Review: Salomon X Ultra 4 GTX review

A capable, understated and speedy, lightweight hiking shoe

Feature type Review

Read time 4 mins

Published Jul 05, 2023

Author Alex Foxfield

Alex Foxfield Alex is a qualified Mountain Leader, former President of the London Mountaineering Club, an adventure writer and content creator with an insatiable passion for the mountains. A Cumbrian born and bred, the Lake District has a special place in his heart, and through his hiking, mountaineering, climbing and trail running adventures, Alex aims to inspire others to get outdoors.


A very stable and protective hiking shoe for fast and light mountain adventures that grips soggy ground just as well as dry rock.

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Weight 390g
Features Advanced Chassis for enhanced stability, all-terrain Contagrip® outsole, GORE-TEX waterproofing, quick-lacing system


  • Ironclad traction on a range of surfaces
  • Light enough to run in
  • Reinforcements in all the right places


  • Potential durability issues
  • Fit not the most precise
  • No gusseted tongue


As someone who originally discovered the mountains while wearing various iterations of Salomon’s Speedcross running shoes, I’ve always been an advocate of lightweight footwear when it comes to moving across the fells. If I’m on my own, I like the ability to speed things up when the mood takes me, particularly on the downhills.

So, something a little more stable and protective than standard trail runners, that still allows me to burst into the occasional run is perfect for most of my solo adventures in summer conditions. This is Britain, so it has to be able to cope with wet, boggy ground and rocky scrambles in equal measure. I want something that locks my feet in for the ride and doesn’t have my toes bashing against the front when the descents get steep.

I want something that locks my feet in for the ride and doesn’t have my toes bashing against the front when the descents get steep


At first glance, the X-Ultra 4 looks a more muscular, taller version of a Salomon trail shoe and it’s clear there’s at least a few strands of that DNA working their magic here. A look at the deep, angled, chevron-shaped lugs suggest a shoe that’ll claw its way down a fair share of muddy descents without issues.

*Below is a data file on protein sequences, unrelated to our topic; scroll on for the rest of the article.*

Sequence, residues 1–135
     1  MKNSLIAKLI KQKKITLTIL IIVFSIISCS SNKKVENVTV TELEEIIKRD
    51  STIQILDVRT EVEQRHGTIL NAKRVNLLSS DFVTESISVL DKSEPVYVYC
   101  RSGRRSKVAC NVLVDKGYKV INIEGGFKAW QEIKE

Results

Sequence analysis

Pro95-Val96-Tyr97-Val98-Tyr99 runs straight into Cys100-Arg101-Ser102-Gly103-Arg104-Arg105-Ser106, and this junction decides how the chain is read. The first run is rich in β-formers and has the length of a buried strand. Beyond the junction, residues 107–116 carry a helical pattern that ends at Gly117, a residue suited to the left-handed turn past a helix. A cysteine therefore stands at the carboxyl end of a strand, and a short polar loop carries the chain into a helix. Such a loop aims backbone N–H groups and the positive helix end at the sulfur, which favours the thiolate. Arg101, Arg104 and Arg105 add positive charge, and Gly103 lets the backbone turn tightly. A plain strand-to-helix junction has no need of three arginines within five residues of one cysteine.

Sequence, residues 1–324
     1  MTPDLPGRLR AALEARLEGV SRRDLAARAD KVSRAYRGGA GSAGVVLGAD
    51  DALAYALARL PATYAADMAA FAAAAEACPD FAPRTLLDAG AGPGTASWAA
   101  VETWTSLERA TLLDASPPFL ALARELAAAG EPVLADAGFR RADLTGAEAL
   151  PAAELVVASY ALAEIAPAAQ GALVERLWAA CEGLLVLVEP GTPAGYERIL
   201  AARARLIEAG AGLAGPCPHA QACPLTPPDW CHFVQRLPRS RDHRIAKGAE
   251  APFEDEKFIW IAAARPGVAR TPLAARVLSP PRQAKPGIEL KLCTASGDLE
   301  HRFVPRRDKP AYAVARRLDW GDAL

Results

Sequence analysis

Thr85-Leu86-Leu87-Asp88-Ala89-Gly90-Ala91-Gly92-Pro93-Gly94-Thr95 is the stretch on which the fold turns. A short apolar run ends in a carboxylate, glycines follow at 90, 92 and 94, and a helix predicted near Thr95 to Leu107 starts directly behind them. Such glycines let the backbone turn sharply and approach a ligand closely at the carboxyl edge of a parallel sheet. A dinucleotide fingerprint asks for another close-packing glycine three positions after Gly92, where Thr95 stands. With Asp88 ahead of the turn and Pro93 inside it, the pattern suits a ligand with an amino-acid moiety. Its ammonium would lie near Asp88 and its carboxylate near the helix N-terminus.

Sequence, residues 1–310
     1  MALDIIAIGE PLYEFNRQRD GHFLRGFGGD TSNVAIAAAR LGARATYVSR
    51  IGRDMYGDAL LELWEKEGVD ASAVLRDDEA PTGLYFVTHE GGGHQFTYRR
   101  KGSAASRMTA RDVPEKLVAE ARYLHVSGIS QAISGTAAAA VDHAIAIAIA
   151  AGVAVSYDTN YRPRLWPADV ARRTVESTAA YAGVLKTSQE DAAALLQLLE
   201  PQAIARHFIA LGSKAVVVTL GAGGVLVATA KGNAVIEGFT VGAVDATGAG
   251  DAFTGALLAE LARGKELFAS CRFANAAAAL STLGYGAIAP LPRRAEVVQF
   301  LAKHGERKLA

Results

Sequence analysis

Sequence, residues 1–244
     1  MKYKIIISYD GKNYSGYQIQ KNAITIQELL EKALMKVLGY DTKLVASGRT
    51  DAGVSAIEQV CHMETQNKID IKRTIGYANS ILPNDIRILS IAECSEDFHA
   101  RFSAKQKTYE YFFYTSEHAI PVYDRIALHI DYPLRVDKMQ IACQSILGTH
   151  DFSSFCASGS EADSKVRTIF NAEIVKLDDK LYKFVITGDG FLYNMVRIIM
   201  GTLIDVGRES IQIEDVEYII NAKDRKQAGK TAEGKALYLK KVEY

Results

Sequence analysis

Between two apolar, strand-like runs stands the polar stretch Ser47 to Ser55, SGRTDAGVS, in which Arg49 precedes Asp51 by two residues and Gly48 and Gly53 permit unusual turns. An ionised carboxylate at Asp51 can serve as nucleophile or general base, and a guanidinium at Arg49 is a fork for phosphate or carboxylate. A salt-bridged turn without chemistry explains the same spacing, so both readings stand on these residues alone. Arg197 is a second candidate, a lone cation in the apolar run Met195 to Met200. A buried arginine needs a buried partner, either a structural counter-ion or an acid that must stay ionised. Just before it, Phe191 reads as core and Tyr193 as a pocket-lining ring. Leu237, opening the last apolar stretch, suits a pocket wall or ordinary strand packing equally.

They’re lovely and easy to slip into, giving a nice sense of stability. I like the speed and convenience of Salomon’s Quick Lacing system. The way the surplus lacing slots into the tongue’s elasticated pouch is really neat. However, when tightened up, I found things very snug around the midfoot, while my heel never felt properly locked in place, as it does on some hiking shoes. I was interested to see how they’d feel on the fells.


I put the X-Ultra 4 through its paces on several Wainwright-bagging raids in the Lake District. I wanted to expose the shoes to everything from easy jaunts up diminutive hills to full mountain days with hefty doses of rocky ridge scrambling. 

During the test period, I was treated to everything from early spring sunshine to volleys of hail. A decent mix of wet cols to endure, dry, lichen-speckled rock to romp up and peat hags to stomp across – oh, and plenty of downhill tracks to really fly down too – meant that I was really able to put the grip and fit of the shoes to the test.

In general, I took things at hiking pace. However, when the mood would take me, I’d set off into a trot to put the X-Ultra 4’s hybrid nature to the test. On the whole, summery conditions prevailed – while it was damp at times, it was never overly sodden and the snow had all but gone from the fells for another year.